I’m back to work tomorrow after what feels like a very long break. Am I looking forward to it? I am not.
Over the past week, Mr. Waffle and I have sampled a range of Dublin eateries for breakfast/brunch, which has been hugely enjoyable. However, if I get Covid, it will definitely be from the Elephant and Castle in Temple Bar. It’s not that they weren’t observing all of the requirements but it was the fullest place we’ve been in months.
So, I do not currently have Covid. However, Covid is rampant here. My brother-in-law and his wife have it – baffled as to where they could have got it. My brother is at home self-isolating as a close contact of some randomer in Spain (regular readers will recall that he was in Tenerife for Christmas). I am a bit amazed that the systems talk to each other and impressed. He’s not delighted.
I went to visit my mother’s friend from college whose husband died in August. Two of her sons live abroad with their families and couldn’t easily come home due to Covid. She and her son who lives at home had been going to host her other Dublin based son and his wife and children for Christmas Day. However, you guessed it, the son, his wife and children all came down with Covid so it was just my mother’s friend and her son who lives at home for Christmas Day. He had a really bad reaction to his Moderna booster and spent Christmas evening throwing up so it was not exactly a peaceful and joyful day as hoped.
My friend who lives in America came home with her husband and four children. There was a problem with two of the children’s passports and her husband had to stay behind with them to sort with the American embassy while my friend went home with the younger children. This is not exactly a Covid story but, of course, everything was made much more complex by having to source a Covid test (when the public system had basically given up putting additional stress on private testing) after they had solved their passport difficulties.
We went on a number of cutural outings. Somewhat satisfactory. There was an exhibition in Dublin castle on photography in Ireland from 1839. Look, ok, it was put on by the photography bit of the National Library but a bit more on the subjects of the photographs as well as full details on the photographers and their techniques wouldn’t have been any harm.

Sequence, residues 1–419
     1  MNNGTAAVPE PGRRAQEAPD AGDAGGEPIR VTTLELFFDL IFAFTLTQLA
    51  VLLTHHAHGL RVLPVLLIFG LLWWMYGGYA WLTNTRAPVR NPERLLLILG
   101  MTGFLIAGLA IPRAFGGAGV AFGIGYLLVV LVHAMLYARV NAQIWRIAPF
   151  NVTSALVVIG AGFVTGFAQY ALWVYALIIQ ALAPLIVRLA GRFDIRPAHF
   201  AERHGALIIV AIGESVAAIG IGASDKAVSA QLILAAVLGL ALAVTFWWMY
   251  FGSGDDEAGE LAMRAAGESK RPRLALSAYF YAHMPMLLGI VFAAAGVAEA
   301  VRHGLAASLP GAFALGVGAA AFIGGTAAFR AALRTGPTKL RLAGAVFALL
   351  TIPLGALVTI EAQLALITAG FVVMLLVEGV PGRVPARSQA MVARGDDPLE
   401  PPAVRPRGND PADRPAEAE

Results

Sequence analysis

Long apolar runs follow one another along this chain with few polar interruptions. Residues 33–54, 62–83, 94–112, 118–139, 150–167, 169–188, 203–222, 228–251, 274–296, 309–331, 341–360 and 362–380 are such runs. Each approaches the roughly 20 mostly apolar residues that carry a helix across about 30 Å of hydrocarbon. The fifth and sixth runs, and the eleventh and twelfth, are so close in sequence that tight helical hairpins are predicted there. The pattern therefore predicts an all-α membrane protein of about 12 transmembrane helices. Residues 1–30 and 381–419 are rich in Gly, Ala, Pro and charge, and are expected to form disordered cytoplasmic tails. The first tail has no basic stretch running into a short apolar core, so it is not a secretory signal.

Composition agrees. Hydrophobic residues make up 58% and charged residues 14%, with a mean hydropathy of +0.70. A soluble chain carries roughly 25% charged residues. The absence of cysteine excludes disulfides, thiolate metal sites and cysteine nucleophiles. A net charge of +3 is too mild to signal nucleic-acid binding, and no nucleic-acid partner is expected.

As a Trinity graduate, Mr. Waffle can get in to the Book of Kells free and bring a couple of guests. This is a genuine graduate perk, I have to concede. When he and I visited we were told that now you have to book in advance to get the graduate perk. “Will we just go in anyway?” I said to Mr. Waffle. “How much is it?” I asked the woman on security. â‚¬18 a head! We did not just go in anyway.
In other cultural excitements, I decided to go to the annual Turner exhibition in the National Gallery but there was a big queue so I was put off. Instead, I decided I would finally cash in the gallery membership I got last Christmas (2020 – I was waiting for Covid to be over so I could get full value for my annual membership, I’m tired of waiting) and go into the (cost-free to members) Jack Yeats exhibition. Was there anyone in the whole gallery who could assist me in redeeming my membership? There was not. Apparently I can ring any morning. Well, that’s helpful. A job for next week. I had a wander around the free stuff but my absence of membership gnawed at my frugal bargain-loving soul and I couldn’t enjoy it properly thinking I ought to be in the Jack Yeats exhibition for free.
We went on a couple of successful walks. Out to Howth Head early on Wednesday morning with Daniel and Michael. When Daniel saw the Summit car park he said, “Oh God not here.” This was not exactly propitious but it was a beautiful day and we had the walk largely to ourselves and, I think, despite himself, he didn’t hate it. We had lunch in Howth and were home by early afternoon filled with inner smugness (in fairness, that was probably just me).